A range of recent publications have looked at patterns in graduate mobility, including where graduates are most likely to move in search of employment, which graduates are most likely to move, and the costs and benefits of such moves. Many of these studies have looked specifically at the financial returns which accrue to graduates who move to take up employment, noting that graduates who move tend to earn higher salaries than those who work in the same region where they grew up. Some publications, however, focus on the benefits to regions of graduate retention, and note – in line with the recent focus on employment quality – that graduates may be motivated by reasons other than financial gain when they decide where to work. By using our new measure to explore the nature of work reported by graduates employed in different geographical areas, we hope to be able to contribute fruitfully to discussions of graduate mobility and the prospects for graduates in different parts of the UK.
We have now carried out some preliminary investigations into the fair work scores (calculated as the average of each graduate’s responses to the three graduate voice questions) of graduates working in different regions. Our sample consists of 281,240 graduates from 2017/18 and 2018/19 whose data was also collected in either our Student or Student Alternative records. The sample is restricted to graduates whose only activity recorded in the Graduate Outcomes survey was paid employment in the UK and who responded to all three graduate voice questions. We excluded those residing prior to entering higher education and/or subsequently working in Guernsey, Jersey or the Isle of Man, along with any individuals whose region of residence or employment we could not identify.
For each region, we have calculated scores for graduates working in that region, separated into those who were living in that region before entering higher education (‘stayers’), and those who lived elsewhere (‘movers’). For this initial analysis, we do not include the region in which graduates studied; our population of ‘stayers’ thus includes those who attended higher education away from their home region and then returned as well as those who remained in their home region for both study and work, and our population of ‘movers’ includes both those who left their home region to study and did not return and those who studied in their home region before moving. Although we hope in subsequent work to look at smaller geographical areas – and although I will explore some of the limitations of region-level data in my discussion – looking in the first instance at the English administrative regions plus the devolved nations allows us to explore the potential for our new measure to reveal interesting stories about graduate experiences of work.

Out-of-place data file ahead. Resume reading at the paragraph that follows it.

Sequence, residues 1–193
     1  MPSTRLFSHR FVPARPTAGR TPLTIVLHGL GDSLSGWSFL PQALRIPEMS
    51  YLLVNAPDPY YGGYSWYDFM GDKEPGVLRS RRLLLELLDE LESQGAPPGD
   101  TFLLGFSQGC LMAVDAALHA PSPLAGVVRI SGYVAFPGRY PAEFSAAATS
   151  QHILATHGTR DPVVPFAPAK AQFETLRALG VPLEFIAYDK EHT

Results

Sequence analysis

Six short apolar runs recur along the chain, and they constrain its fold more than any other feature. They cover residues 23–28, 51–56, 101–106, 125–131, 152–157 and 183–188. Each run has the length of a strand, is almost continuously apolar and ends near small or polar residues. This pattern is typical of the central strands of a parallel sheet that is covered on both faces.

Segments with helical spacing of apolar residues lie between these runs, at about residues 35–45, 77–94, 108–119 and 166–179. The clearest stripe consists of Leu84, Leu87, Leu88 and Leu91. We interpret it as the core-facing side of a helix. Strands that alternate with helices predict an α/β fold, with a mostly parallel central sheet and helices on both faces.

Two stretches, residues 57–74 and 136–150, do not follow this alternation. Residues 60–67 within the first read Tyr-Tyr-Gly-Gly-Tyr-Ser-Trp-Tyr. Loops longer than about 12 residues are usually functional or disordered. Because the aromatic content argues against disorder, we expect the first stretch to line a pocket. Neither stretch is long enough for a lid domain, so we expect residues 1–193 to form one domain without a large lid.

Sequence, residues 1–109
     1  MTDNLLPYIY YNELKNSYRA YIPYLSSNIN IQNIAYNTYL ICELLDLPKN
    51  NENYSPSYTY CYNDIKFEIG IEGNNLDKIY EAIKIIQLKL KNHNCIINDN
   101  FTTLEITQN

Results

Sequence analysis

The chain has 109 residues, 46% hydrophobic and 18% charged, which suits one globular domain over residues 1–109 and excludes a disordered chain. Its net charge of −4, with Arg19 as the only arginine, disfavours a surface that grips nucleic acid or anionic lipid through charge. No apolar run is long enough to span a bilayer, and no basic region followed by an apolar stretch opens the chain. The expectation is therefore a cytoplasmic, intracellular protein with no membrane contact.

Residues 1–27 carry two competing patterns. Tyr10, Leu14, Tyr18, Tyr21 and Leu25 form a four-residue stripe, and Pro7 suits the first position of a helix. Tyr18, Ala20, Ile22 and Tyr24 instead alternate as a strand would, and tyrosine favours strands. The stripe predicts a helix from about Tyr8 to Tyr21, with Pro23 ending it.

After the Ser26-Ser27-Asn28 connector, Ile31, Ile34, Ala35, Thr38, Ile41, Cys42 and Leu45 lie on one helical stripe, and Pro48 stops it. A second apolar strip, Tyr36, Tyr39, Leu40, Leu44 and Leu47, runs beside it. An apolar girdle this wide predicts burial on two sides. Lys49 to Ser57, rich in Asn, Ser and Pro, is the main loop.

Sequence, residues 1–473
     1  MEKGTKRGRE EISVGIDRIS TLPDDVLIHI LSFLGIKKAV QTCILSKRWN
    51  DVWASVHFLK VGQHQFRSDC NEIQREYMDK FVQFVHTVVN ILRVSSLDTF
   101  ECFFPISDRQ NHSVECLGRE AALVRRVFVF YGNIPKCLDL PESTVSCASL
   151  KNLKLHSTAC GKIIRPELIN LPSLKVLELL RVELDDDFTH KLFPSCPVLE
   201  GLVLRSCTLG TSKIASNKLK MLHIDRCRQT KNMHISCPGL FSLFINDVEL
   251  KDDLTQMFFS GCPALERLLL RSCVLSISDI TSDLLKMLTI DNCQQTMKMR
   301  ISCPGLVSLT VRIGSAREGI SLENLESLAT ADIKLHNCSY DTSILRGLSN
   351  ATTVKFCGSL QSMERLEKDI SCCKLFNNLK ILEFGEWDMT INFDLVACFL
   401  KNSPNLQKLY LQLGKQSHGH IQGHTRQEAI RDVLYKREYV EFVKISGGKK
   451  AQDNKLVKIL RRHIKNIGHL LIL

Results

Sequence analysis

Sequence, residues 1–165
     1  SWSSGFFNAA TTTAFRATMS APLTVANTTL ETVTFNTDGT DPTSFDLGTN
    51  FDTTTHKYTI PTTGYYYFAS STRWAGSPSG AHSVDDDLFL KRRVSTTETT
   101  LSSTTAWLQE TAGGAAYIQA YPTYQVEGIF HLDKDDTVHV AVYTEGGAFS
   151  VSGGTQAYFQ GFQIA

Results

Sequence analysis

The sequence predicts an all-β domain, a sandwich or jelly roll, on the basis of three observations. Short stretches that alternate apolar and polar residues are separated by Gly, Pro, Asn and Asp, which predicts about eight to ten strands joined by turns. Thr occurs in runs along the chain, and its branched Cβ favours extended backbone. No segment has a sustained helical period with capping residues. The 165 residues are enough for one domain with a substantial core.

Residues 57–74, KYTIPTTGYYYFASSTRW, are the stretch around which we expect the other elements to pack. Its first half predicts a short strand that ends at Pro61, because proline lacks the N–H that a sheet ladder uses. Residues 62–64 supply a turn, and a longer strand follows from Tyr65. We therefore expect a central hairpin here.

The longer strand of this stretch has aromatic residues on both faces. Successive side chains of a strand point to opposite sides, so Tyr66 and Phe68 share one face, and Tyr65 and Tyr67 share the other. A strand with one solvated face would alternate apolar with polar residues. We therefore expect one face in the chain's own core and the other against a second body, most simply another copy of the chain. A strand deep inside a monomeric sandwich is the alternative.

Table 1: Movers and stayers by region of employment
|Region of employment||Stayers||Movers|
|Number||Mean fair work score||Number||Mean fair work score|
|Yorkshire and The Humber||14,575||4.01||6,075||4.04|
|East of England||13,075||3.95||6,295||4.11|
Figure 1: The proportion of movers and stayers by region of employment
Figure 2: Mean fair work score by region of employment and mobility status
Notes: Possible scores run from 1 to 5. The chart axis does not start at 1. 95% confidence intervals for Figure 2 have been generated using the Student’s t-distribution.
Looking at the data displayed above, we can make a few initial observations. Firstly, although stayers outnumber movers for all regions, the proportion of stayers to movers varies (Figure 1). To take the most extreme contrast, while there are only slightly more stayers in London than there are movers into London, almost 27 Northern Irish graduates stay in Northern Ireland to work for each graduate who moves to Northern Ireland to take up employment. Wales and Scotland both also have higher proportions of stayers to movers than we see in any of the English administrative regions, with just under four and just under nine stayers for each mover in Wales and Scotland, respectively.
Secondly, movers score higher than stayers by our new measure in every region but Northern Ireland, where stayers score slightly higher (Figure 2). The magnitude of the difference varies, however, as do the overall fair work scores for movers and stayers in each region. In Scotland, Wales, and Northern Ireland, differences between movers and stayers by our measure are relatively small and are not statistically significant. Stayers in Scotland, Wales, and Northern Ireland, moreover, have relatively high fair work scores when compared to stayers in many other regions. Stayers also score relatively highly in the North East and Yorkshire and the Humber, and the difference between movers and stayers in Yorkshire and the Humber is not statistically significant. Movers to the West Midlands, the East of England, London, and the South East, however, score much higher than stayers in those regions, with movers to the West Midlands having the highest fair work scores of any group. Overall, fair work is available across the UK, but moving to a new region in search of work, which may indicate a more active decision to work in a certain place, seems in most regions to be correlated with higher quality employment.